Non-fiction To the Letter by Simon Garfield | Review Roundup | The Omnivore

Published on November 7th, 2013


To the Letter: A Journey Through a Vanishing World by Simon Garfield

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Blurb: To the Letter tells the story of our remarkable journey through the mail. From Roman wood chips discovered near Hadrian’s Wall to the wonders and terrors of email, Simon Garfield explores how we have written to each other over the centuries and what our letters reveal about our lives.

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Along the way he delves into the great correspondences of our time, from Cicero and Petrarch to Jane Austen and Ted Hughes (and John Keats, Virginia Woolf, Jack Kerouac, Anaïs Nin and Charles Schulz), and traces the very particular advice offered by bestselling letter-writing manuals. He uncovers a host of engaging stories, including the tricky history of the opening greeting, the ideal ingredients for invisible ink, and the sad saga of the dead letter office. As the book unfolds, so does the story of a moving wartime correspondence that shows how letters can change the course of life.

To the Letter is a wonderful celebration of letters in every form, and a passionate rallying cry to keep writing.

(Canongate, 2013)

Simon Garfield: In praise of the letter | The Guardian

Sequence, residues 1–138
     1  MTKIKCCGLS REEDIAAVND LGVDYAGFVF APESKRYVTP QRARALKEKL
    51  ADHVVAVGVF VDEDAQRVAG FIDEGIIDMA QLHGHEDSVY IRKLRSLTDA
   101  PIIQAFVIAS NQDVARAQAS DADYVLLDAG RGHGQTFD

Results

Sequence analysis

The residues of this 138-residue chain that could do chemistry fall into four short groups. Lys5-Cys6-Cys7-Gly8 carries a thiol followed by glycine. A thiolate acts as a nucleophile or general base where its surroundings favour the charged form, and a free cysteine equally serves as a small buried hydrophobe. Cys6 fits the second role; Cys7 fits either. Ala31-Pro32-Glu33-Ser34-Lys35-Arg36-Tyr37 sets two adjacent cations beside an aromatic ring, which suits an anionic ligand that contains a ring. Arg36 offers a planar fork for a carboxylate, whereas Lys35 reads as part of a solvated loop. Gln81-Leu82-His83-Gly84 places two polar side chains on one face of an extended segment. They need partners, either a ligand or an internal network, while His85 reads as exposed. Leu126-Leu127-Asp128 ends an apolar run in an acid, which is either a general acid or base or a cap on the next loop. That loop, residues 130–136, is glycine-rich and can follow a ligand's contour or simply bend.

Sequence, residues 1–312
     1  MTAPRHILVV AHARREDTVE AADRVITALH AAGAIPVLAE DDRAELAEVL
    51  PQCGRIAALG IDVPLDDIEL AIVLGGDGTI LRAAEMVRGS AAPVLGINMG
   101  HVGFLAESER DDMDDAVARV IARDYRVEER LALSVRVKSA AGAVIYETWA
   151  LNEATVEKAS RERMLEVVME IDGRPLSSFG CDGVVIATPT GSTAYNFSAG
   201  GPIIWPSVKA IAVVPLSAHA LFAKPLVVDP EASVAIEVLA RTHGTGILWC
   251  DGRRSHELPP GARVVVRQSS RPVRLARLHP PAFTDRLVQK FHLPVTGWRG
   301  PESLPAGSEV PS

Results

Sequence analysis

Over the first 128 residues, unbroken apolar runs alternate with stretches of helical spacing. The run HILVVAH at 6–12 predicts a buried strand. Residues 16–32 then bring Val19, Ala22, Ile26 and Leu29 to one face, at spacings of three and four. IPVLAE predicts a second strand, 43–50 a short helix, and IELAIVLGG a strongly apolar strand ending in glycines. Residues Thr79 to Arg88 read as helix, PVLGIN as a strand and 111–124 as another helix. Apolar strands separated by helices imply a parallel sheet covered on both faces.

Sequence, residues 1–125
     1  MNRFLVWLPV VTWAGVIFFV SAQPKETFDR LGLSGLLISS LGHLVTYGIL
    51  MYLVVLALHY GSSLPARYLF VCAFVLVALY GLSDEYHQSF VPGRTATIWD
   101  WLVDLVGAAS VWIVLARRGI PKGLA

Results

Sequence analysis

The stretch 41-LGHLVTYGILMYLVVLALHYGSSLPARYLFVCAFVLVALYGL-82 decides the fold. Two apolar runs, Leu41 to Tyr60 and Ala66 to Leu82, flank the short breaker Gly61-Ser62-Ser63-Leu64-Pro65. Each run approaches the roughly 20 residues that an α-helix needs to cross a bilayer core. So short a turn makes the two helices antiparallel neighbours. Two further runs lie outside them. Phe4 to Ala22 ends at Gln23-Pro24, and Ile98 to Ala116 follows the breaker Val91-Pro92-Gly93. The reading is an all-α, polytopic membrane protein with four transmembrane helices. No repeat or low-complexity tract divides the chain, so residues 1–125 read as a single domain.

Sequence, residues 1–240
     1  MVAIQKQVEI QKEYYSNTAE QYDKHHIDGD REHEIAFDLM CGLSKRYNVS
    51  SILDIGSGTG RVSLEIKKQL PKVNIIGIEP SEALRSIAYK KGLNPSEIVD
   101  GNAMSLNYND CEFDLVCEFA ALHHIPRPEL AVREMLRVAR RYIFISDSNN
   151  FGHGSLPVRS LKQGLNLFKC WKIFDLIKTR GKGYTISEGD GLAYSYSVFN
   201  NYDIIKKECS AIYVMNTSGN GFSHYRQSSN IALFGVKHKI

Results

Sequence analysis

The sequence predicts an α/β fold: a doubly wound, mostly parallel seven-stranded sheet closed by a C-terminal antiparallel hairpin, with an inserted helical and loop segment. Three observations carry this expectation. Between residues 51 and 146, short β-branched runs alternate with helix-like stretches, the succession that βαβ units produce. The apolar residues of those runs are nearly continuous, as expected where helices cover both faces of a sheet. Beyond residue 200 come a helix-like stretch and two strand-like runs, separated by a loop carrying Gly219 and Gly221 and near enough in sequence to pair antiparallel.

John Carey, The Sunday Times 

“Garfield is eclectic, and everyone will find gaps in his coverage. Why no Dickens, Waugh, Larkin? His account of Seneca’s letters is inadequate. No one would guess from this that Montaigne and Shakespeare quarried Seneca for ideas. But in the things that matter most, his book is a shining success. His final emphasis is on a letter’s physical reality — a thing touched and kissed that a loved one has touched and kissed. “This is not a letter but my arms around you for a brief moment,” wrote Katherine Mansfield. No email will ever be able to say that.”

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Andrew Hill, Financial Times 

“…this is more a celebration of the form than an obituary. The letters themselves provide the music for the celebration… Garfield intersperses exchanges between famous correspondents – Abelard and Héloïse, Henry VIII and Anne Boleyn, Ted Hughes and Sylvia Plath – with an immensely affecting set of letters from signalman Chris Barker, one-time post office messenger, to Bessie Moore in the closing years of the second world war, as their love grows despite, or possibly because of, the distance between them. These letters demonstrate, perhaps better than the more famous correspondence, what will have been lost when the last letter is posted.”

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Peter Conrad, The Guardian 

“Garfield’s book dodges between sociology, political history and literary criticism, and is over-extended by anecdotal detours about the cost of paper, the trade in manuscripts, and his current home in a former post office garage. Some of the trivia, I admit, is fascinating: along with SWALK, Garfield disinters other examples of the acronyms used on envelopes by randy soldiers, including NORWICH, which stood for Nickers Off Ready When I Come Home, and EGYPT, which semaphored Eager to Grab Your Pretty Tits.

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David Robinson, The Scotsman 

“Garfield is a knowledgeable guide to his subject. He trots effortlessly through a somewhat predictable list of exemplars such as Mme de Sévigné and Lord Chesterfield, various guides to letter-writing, and then email etiquette, and gives a succinct overview of the development of Rowland Hill’s postal revolution … Yet somehow his book fails to engage at any deeper level than a competently executed commission.”

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